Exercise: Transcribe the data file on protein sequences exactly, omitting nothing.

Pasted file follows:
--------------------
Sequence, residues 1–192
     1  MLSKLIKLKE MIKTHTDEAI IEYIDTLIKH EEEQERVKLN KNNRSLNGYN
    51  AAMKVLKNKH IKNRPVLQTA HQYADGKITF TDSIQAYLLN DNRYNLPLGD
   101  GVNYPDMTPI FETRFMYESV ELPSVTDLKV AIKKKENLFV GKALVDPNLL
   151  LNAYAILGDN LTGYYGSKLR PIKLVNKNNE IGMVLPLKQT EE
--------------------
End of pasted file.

Sequence, residues 1–192
     1  MLSKLIKLKE MIKTHTDEAI IEYIDTLIKH EEEQERVKLN KNNRSLNGYN
    51  AAMKVLKNKH IKNRPVLQTA HQYADGKITF TDSIQAYLLN DNRYNLPLGD
   101  GVNYPDMTPI FETRFMYESV ELPSVTDLKV AIKKKENLFV GKALVDPNLL
   151  LNAYAILGDN LTGYYGSKLR PIKLVNKNNE IGMVLPLKQT EE